Phrases that use いい加減 (e.g. いい加減にしろ！) have often been a mystery to me. According to one dictionary, at least, there were so many possible meanings this phrase could have:
- irresponsible; perfunctory; careless;
- lukewarm; half-baked; halfhearted; vague;
- reasonable; moderate;
- considerably; quite; rather; pretty;
But which meaning makes the most sense in general usage?
It wasn’t until just recently that I’ve noticed that when 加減 is used in the phrase: 手加減をしない (when used as a way to explain the phrase: 容赦ない,) it appears to be used to indicate “not [going] easy on someone” or “not [being] reasonable“.
When used in this way, the phrase いい加減にしろ！ seems to make more sense in that the particle に is helping to indicate that the speaker using the phrase wants the listener to “make [it] reasonable!”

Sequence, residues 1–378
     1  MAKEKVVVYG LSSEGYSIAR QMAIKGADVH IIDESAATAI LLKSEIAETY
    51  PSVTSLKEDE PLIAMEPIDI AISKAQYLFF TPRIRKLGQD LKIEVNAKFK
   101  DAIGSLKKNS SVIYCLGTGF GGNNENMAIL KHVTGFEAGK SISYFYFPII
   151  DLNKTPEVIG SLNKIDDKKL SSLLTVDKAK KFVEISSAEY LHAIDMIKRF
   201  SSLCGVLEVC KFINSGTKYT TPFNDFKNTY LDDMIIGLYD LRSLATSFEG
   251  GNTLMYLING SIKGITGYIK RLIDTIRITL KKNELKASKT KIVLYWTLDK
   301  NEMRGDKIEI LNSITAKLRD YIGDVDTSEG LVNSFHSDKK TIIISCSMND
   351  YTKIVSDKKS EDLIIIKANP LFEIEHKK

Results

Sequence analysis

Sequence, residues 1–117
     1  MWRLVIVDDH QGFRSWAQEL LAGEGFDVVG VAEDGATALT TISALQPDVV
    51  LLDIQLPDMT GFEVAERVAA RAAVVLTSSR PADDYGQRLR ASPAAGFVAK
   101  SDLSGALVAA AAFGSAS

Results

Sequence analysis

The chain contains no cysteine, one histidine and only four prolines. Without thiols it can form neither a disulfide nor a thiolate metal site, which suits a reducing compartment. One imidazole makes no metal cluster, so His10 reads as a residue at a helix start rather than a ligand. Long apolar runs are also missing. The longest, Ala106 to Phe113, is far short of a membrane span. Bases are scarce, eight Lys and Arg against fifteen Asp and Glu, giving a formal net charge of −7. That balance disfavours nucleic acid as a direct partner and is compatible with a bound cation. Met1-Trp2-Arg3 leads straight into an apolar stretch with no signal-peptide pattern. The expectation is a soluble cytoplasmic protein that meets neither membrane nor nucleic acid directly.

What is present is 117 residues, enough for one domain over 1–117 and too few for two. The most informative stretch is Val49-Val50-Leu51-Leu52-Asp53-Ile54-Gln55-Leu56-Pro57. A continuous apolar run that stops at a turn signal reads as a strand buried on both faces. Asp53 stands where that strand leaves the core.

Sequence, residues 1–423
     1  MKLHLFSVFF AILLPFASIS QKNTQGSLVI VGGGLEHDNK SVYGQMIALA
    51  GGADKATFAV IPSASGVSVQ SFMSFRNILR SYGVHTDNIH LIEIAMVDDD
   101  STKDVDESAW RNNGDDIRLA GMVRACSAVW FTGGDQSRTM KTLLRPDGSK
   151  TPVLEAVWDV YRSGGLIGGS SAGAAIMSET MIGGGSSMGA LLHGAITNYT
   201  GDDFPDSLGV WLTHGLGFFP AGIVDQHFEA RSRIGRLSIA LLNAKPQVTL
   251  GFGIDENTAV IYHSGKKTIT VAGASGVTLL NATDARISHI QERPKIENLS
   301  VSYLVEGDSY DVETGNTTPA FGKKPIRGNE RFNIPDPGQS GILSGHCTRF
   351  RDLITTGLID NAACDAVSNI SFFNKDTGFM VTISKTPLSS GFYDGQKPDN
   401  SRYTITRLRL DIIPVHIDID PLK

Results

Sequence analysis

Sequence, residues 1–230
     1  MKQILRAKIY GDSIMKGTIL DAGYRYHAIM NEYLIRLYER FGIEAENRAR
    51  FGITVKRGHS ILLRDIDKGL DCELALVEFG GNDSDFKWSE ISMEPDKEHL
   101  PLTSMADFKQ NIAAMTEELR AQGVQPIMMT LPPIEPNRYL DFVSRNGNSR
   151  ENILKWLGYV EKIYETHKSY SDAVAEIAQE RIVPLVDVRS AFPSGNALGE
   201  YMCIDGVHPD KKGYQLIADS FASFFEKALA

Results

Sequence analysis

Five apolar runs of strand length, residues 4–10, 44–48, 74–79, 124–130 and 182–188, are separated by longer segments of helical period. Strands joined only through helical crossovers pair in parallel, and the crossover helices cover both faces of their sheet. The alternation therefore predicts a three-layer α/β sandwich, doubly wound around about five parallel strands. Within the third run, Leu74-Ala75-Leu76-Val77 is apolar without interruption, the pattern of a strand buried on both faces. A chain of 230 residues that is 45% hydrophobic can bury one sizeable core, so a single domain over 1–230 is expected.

In this way, narrowing down the context of how and when a phrase is used can begin to help with piecing together language puzzles such as いい加減.
In my studies, lately, I’ve been realizing how widely used the combination: verb (V) + 〜ている really is within the Japanese language. When I was younger, I mostly understood this combination to be a way to say phrases that end in “ing” (i.e. eat-ing, drink-ing… where the actual act is happening at that very moment… something short term,) without truly realizing that this combination is used for much more. These other meanings, however, are easily absorbed (indirectly) over time through common and set phrases… to the extent that it can be easy to gloss over the usefulness of this sort of grammatical combination.
Most recently, however, I’ve been amazed at just how common this V + 〜ている form is within Japanese. For example, if I want to say “I remember”, I would probably use something like 覚えている. Seeing and hearing the V + 〜ている combination is pretty common… but for some reason it has taken me many years to come to this realization: V + 〜ている can often be used for (relatively) long term purposes, as well as short term purposes…